Drink Chicha – a fermented corn beverage

When Natalia of Sol Muisca told me about the Muisca people drinking chicha, I immediately wondered where I could taste it. When asked, her eyes got wide and excitement spread across her face. She described a small white building with green trim near Parque Antonio Narino. When she mentioned there is a for sale sign out front, I immediately remembered the building. 

Look for the building located on Calle 11, near the intersection with Carrera 8a. You’ll often see someone sitting in the chair out front, perhaps with a dog, and watching life go by. Look for the handmade sign (also dark green) that lists several specialties such as almojabanas. 

When I went inside, I was informed the chicha batch wasn’t ready yet and to come back on Tuesday. When I did, it still wasn’t ready so I never got the opportunity to taste chicha in Villa de Leyva. If you find yourself out of luck as I did, there are other opportunities to try chicha in Colombia, such as during the free walking tour in Bogota.

However, nothing beats finding a small batch production in one of the small towns of Boyacá. At the square in Monguí, I found a couple proudly selling their home brew. It was properly sour and sweet – the best chicha I had in my travels.

Discover Prehistoric Villa de Leyva

Many fossils have been discovered in Villa de Leyva and the surrounding valley. Most prolific are the fossilized sea creatures that are used in some of the buildings and churches in town. But most famous is the fossilized Kronosaurus, a prehistoric marine reptile with an elongated head, short neck, four flippers, and long sharp teeth.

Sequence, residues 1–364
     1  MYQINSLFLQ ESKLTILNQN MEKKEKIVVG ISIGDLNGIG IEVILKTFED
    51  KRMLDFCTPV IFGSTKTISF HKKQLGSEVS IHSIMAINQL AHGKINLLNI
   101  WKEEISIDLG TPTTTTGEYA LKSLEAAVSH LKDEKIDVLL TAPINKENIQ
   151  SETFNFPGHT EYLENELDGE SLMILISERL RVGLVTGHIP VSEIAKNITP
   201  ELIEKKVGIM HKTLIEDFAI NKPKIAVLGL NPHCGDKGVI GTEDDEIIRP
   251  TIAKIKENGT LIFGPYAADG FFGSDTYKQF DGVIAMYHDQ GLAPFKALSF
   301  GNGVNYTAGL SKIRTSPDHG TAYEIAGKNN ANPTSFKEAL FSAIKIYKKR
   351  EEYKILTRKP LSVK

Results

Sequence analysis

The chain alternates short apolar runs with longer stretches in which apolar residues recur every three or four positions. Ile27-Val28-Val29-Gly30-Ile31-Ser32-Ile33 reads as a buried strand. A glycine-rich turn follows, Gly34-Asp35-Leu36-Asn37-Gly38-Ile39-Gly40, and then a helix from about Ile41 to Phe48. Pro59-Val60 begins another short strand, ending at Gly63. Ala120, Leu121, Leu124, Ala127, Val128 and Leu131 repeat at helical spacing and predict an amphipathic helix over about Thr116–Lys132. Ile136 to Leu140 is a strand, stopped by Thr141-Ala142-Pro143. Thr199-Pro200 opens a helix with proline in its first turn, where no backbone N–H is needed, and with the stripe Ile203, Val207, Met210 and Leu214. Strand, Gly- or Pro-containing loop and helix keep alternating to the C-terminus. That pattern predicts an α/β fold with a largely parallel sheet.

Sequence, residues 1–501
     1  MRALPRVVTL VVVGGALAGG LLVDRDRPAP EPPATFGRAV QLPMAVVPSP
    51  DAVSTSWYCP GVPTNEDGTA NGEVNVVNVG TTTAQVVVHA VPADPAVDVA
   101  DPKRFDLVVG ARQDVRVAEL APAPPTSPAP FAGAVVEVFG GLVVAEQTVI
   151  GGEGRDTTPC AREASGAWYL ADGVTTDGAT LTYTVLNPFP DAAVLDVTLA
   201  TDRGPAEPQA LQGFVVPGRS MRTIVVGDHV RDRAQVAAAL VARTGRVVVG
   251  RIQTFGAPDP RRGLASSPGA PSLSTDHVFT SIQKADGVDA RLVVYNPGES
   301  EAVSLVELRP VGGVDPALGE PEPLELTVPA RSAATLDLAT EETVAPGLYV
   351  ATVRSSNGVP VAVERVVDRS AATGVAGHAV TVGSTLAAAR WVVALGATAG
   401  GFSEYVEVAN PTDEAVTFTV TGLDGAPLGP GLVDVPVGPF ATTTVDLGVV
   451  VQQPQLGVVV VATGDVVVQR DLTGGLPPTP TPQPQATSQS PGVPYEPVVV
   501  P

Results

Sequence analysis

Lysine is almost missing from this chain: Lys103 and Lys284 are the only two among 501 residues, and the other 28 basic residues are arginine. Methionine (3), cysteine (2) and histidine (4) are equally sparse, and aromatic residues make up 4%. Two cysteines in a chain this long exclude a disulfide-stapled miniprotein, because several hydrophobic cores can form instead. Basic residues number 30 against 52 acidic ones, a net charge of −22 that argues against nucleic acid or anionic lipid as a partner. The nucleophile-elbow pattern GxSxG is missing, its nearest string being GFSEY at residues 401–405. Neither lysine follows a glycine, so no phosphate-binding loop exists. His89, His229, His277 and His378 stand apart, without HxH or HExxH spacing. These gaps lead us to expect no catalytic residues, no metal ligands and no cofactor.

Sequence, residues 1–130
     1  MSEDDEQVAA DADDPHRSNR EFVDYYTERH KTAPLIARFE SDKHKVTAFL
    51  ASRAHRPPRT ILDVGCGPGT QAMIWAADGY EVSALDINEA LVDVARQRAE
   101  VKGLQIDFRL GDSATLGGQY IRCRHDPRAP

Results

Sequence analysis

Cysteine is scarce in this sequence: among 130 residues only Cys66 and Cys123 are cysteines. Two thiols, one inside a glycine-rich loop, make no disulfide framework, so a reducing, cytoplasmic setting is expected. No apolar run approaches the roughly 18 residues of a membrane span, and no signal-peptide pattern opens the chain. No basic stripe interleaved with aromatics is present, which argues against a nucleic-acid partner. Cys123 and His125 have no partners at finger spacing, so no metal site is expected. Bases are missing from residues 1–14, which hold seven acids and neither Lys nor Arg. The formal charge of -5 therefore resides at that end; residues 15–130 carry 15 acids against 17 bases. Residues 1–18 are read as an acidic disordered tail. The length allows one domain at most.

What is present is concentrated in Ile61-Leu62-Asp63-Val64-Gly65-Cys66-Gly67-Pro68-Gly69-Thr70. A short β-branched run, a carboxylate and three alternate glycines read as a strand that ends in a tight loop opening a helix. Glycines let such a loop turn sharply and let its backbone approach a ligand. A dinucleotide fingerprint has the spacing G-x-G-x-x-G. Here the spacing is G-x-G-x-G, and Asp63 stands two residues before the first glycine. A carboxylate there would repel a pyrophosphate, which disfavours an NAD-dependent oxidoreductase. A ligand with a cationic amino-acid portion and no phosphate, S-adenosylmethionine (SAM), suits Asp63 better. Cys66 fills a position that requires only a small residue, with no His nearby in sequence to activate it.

El Fosil Museum 

In 1977, a farmer discovered the nearly intact Kronosaurus just three miles from Villa de Leyva. After suggestions that it should be moved to a museum, the local community protested and built a museum around the large fossil instead. Since then, a smaller Kronosaurus was found nearby and moved to the museum which has more than 500 pieces on exhibit.

When I was visiting, the main attraction was being restored and was thus closed to the public. I’ve heard the restoration has since been completed. This is a great activity paired with the nearby research museum.

Hours: Everyday 8 am –  5 pm

Cost: Adults 15,000; Kids 10,000

Paleontology Research Museum 

This museum is sponsored by the National University of Colombia Science Faculty and includes a laboratory used to prepare and conserve fossils. Over 2,000 pieces are on display, some of which are part of the permanent exhibit. Tours are available in English with advance notice, although there is plenty of material in both Spanish and English as well.

There are also options to pay a little more for some hands-on learning experiences such as excavating for fossils and molding your own ammonite, which are the now extinct mollusks that were prevalent in the area. This museum is definitely educational and fun!

Hours: Monday – Thursday 8 am – 12:30 pm and 2 pm – 5 pm; Friday- Sunday 8 am –  5 pm

Cost: Adults 12,000; Kids 6,000

Gondava Dinosaur Valley

Welcome to Colombia’s Jurassic Park. This theme park is no doubt riding on the coattails of the other two attractions, but I mention it because it gets great reviews from travelers with dinosaur-loving kids. This outdoor attraction features life-size dinosaur sculptures among the trees and a small manmade lake.